Brokenness. John Smith talked about it in one of his sermons. Brokenness. That feeling that washes over you and hangs on tenaciously as constant evidence of your failures pummel you from every side.
Brokenness is a good thing. It is where all repentance, redirection, and restoration begins. Without brokenness, how can we hope to heal? It’s like a tumor… it can be cut out of us, eaten away by powerful drugs, shrunken and then killed by heavy doses of healthy foods and supplements, but if left alone, it’ll eat away at you until it kills you. However, if we remove that tumor, going through the pain of surgery, the misery of chemotherapy, or the long illness while natural means slowly works to heal, it’ll be painful and miserable but the result is true healing and health.
I can remember some of my broken times.
- The day I realized that my self- “righteousness” was truly putrid and filthy.
- The day I reveled in vindication… instead of weeping for the one who tried to hurt me.
- When, at seventeen, I stood before my brothers and sisters in Christ and lied. Deliberately.
- When I realized that a character assasination attempt made the “gunmen” look vicious… and gloated.
And finally… more recently…
- When injury by others made me weep more for them rather than me.
Am I finally growing up? I don’t know. I doubt it. I’m a very selfish and weak person. I feel like Paul in that I don’t do what I want to do and do what I don’t want to do. I am wicked, evil, and … broken.
Brokenness hurts. No matter what the cause, whether our repentance or another’s injury, it hurts. Perhaps it’s growing pains. Those aches in the middle of the darkest hours of night making sleep impossible. Remember that? Oh the aching and misery. (Ok, so I never felt it myself but my tall girls sure did ache. Braelyn cried with the pain.)
The older I get, the quicker I am to forgive, to move on, and to extend grace. To everyone but myself anyway. However, the older I get, the more I take to heart, every single one of my many failures. They weigh heavily on me and yet there is nothing I can do about them. Once failed, I can’t change it. I hate that.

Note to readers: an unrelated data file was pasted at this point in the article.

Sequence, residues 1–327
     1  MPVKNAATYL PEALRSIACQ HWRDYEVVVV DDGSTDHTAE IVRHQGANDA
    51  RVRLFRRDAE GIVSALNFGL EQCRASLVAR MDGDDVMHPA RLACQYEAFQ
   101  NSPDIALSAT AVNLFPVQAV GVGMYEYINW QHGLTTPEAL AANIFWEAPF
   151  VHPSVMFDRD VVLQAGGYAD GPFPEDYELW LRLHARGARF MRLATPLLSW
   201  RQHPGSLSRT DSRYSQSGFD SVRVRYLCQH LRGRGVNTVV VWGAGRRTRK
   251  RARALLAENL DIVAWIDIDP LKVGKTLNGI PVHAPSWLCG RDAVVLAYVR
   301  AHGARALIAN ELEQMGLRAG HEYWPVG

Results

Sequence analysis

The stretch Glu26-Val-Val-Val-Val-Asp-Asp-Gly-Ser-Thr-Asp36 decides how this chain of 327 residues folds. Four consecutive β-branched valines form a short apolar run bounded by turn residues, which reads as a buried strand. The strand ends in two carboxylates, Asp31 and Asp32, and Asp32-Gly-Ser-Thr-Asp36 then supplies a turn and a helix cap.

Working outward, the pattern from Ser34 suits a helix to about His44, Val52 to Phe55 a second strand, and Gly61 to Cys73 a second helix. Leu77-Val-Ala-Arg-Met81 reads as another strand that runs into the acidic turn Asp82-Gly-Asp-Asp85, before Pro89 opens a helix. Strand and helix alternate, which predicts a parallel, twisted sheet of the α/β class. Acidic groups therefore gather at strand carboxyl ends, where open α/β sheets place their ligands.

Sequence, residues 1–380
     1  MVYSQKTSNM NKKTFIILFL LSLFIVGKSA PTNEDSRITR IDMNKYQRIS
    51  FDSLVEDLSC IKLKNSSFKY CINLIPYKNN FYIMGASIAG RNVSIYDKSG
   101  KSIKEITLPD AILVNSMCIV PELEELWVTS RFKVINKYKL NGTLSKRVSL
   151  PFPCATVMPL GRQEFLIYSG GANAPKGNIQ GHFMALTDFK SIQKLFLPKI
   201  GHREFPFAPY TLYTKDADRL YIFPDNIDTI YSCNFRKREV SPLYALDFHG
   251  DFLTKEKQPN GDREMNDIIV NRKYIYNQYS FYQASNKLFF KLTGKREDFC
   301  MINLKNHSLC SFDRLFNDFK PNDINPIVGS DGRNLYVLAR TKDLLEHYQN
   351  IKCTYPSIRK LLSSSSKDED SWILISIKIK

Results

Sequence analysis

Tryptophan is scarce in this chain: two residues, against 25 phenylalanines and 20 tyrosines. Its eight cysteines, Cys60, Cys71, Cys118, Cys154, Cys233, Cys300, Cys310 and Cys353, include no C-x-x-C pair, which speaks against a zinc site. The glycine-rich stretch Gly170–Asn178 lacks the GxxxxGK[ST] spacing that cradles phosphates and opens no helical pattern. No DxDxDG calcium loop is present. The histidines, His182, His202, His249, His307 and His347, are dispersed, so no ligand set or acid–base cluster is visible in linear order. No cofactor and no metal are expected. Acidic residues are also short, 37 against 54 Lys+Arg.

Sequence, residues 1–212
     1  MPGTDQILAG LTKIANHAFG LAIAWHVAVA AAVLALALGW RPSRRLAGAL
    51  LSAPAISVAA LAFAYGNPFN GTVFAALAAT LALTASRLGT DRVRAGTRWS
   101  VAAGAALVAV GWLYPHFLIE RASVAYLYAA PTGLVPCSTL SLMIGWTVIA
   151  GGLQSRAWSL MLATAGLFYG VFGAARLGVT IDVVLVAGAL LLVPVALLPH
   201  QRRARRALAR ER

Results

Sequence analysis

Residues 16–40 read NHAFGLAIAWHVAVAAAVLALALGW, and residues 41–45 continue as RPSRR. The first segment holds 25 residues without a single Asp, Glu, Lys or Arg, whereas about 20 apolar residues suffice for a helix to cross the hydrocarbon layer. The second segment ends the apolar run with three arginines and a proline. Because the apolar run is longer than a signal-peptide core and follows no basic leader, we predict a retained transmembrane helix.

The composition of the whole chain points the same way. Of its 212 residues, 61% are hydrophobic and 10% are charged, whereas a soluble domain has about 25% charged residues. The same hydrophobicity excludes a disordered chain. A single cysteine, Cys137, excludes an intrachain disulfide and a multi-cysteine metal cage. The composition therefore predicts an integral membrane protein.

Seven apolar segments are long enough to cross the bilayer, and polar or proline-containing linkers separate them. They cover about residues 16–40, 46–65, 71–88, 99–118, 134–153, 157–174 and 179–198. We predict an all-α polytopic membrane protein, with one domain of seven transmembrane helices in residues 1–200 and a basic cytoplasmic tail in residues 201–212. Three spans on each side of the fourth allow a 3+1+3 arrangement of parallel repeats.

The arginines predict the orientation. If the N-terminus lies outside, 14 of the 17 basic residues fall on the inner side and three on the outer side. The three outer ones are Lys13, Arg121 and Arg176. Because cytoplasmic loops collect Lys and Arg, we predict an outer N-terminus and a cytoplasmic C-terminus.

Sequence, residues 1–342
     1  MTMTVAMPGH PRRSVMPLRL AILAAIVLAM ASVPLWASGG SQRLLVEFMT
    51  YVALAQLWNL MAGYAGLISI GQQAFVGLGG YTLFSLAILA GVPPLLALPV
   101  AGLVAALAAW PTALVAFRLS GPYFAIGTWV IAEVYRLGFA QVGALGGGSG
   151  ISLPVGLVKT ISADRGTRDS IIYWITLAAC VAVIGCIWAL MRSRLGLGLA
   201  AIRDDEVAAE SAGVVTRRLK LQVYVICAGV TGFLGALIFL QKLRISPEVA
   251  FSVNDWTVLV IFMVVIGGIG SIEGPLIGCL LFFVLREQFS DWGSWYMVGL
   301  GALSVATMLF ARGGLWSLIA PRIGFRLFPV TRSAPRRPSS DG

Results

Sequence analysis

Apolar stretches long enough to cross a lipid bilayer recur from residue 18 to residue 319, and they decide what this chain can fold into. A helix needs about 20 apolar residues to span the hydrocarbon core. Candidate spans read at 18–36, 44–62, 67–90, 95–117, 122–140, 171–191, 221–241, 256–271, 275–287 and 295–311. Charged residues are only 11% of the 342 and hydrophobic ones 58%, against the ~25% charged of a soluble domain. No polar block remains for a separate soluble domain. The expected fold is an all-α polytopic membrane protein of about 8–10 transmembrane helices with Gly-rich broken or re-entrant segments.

And in the midst of all of the pain that we can inflict on our own lives, is the pain that others inflict on us.
“Blessed are they who are persecuted for righteousness sake, for theirs is the kingdom of heaven.”
I remember as a young teen. Oh boy I was like Marianne Dashwood. “Suffer for righteousness? What could be more glorious!”
Oh how naive I was. The older I get, the more I realize how naive I truly was- both in what true persecution was, and in how petty my little grievances would be in the grand scheme of things. Don’t get me wrong; it hurts when someone makes false accusations, erroneous assumptions, attributes evil motives, or tries to shift their blame onto me. Usually, there is blame on all sides of anything which is why, I think, it hurts even more when you’ve worked hard to avoid doing the very things that you’ve been accused of doing.
Regardless of fault or blame, what really matters is our heart. If our hearts are cold with self-preservation, self-righteousness, or just plain self, then they show the natural state of man before redemption. If we’re redeemed… washed clean by the blood of Jesus… they should not show self but reflect Him. Only Him.
Unfortunately, this doesn’t always work does it? We get self in front of that mirror and hide the Jesus waiting to shine through. Self. It’s at the root of so many things. Is it possible that self is the root of pride? Self?
And brokenness. Is that how we die to self?
I don’t know. I do know I’m broken again. It used to grieve me that I was broken. It just shows that my brokenness still had too much of self in it. I think. I don’t know. Now, I’m broken over many things. Some my fault, some because of pain inflicted on me by others.
Will I grow through this as I have in the past? I hope so. It breaks my heart. Then again, I guess that is what it’s all about… Brokenness.